Backyard birding can be difficult to watch

Published 9:50 am Saturday, February 19, 2011

Column: Nature’s World

My neighbor Crandall stops by.

“How are you doing?” I ask.

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“Everything is nearly copacetic. I’ve put on another pound or five.”

“It’s all that old-fashioned, homemade pie you’ve been eating,” I say.

“You’ve slobbered a bibful there. The lard works in mysterious ways. I was driving to town yesterday. I was watching the clouds. I’m a cloud watcher. I’ve been one all my life. I like to know what the weather is going to be, and the clouds spill the beans. Anyway, I’m on my way to town and I got a ticket from Sheriff Hank Uft.”

“For attempted speeding?” I wonder aloud.

“No! I was watching the clouds when a bird hit my windshield. Whaaaapp! It hit the glass a larruping good lick.”

“What kind of bird was it?” I ask.

“How should I know? It was the windshield-hitting kind of bird. It took my mind off the clouds. The bird was stuck in the driver’s side windshield wiper. I turned on the wipers to free the bird and allow me to see the road. It worked and the wiper flipped the bird onto the car behind me. It was a squad car. That’s when Hank gave me a ticket.”

Al Batt wants to know what kind of accipiter this is — contact him if you know. -- Photo courtesy Al Batt

“What for?” I say.

“For flipping the bird to a police officer.”

Backyard birding

I saw a hawk kill and eat a starling in my yard. It plucked the starling as I used to pluck a chicken on a Saturday. One minute the starling had been eating, the next it was being eaten. Things like this are not always easy to watch. It was the Discovery Channel in my yard. TV shows depicting predators in action, like sharks or lions, are extremely popular. The hawk is doing what hawks do. I can’t criticize the hawk. I like eating chicken. I suspect a starling tastes just like chicken.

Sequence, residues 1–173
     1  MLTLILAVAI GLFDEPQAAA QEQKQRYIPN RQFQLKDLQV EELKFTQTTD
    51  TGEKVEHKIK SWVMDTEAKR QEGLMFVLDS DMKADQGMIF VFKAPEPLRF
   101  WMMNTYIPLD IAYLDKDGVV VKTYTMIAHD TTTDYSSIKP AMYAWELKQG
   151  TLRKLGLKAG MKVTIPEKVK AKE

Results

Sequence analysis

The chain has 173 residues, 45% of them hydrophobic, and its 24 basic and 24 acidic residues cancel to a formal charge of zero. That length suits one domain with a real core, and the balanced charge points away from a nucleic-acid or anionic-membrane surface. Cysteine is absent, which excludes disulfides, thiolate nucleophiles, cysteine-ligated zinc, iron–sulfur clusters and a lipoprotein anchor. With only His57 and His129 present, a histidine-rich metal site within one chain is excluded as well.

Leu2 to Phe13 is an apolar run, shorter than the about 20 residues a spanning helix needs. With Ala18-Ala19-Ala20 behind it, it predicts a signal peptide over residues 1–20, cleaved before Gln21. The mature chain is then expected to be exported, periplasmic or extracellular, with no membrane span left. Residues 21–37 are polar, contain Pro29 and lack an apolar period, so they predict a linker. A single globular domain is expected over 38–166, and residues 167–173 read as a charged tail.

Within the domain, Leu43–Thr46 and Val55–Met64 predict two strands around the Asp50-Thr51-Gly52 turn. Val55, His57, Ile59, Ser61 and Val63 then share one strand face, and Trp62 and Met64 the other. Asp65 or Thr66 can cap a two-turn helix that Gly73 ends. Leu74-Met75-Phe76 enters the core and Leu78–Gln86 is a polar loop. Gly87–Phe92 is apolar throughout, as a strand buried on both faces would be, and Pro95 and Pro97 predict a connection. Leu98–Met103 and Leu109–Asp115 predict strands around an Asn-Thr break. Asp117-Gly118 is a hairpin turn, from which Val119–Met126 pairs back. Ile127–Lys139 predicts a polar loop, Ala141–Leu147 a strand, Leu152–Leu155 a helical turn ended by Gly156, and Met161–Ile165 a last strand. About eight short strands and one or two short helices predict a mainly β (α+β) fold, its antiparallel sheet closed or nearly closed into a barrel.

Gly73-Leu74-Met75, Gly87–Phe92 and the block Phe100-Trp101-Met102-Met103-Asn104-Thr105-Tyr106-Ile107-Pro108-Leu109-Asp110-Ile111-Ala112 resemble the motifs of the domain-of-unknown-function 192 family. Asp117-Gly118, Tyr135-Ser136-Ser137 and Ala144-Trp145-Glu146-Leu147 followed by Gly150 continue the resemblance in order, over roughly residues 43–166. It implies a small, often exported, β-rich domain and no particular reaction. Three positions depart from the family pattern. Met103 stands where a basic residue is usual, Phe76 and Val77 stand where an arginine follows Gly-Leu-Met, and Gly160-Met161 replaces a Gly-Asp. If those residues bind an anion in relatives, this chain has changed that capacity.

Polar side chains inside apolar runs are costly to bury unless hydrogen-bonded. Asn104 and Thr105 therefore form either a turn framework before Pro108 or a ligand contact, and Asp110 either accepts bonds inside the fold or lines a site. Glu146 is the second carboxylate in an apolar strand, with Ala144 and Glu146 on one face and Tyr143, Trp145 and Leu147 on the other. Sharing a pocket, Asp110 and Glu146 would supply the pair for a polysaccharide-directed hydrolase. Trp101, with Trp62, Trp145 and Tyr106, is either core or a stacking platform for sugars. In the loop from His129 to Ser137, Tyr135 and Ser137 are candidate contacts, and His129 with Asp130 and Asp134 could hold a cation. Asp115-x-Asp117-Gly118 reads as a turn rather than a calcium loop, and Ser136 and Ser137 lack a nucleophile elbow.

What kind of hawk do you think it was — sharp-shinned or Cooper’s? There are no swell prizes for the correct answer but I will think of you warmly.

Q and A

“How much wood would a woodchuck chuck if a woodchuck could chuck wood?” A wise woodchuck (groundhog or whistlepig) would hire a beaver. A beaver is much more skilled at moving timber. A wildlife biologist measured the inside volume of a typical woodchuck burrow and estimated that, if wood filled the hole instead of dirt, the woodchuck would have chucked about 700 pounds.

“Do birds eat snow?” Birds can and do eat snow, but for the body to make use of it as a source of water it must melt the snow. That creates increased energy needs and a requirement for additional food to provide the energy to melt snow and maintain body temperature. Eating snow uses energy better spent staying warm. Imagine that you are shoveling snow on a frigid, windy day and you become thirsty. In order to quench your thirst, you scoop a cup of snow and consume it outdoors. It would be chilling. If you have filled a glass with snow and allowed it to melt, you know how much snow is required to fill a glass with water. A bird must devour a substantial amount of snow to get the water it needs.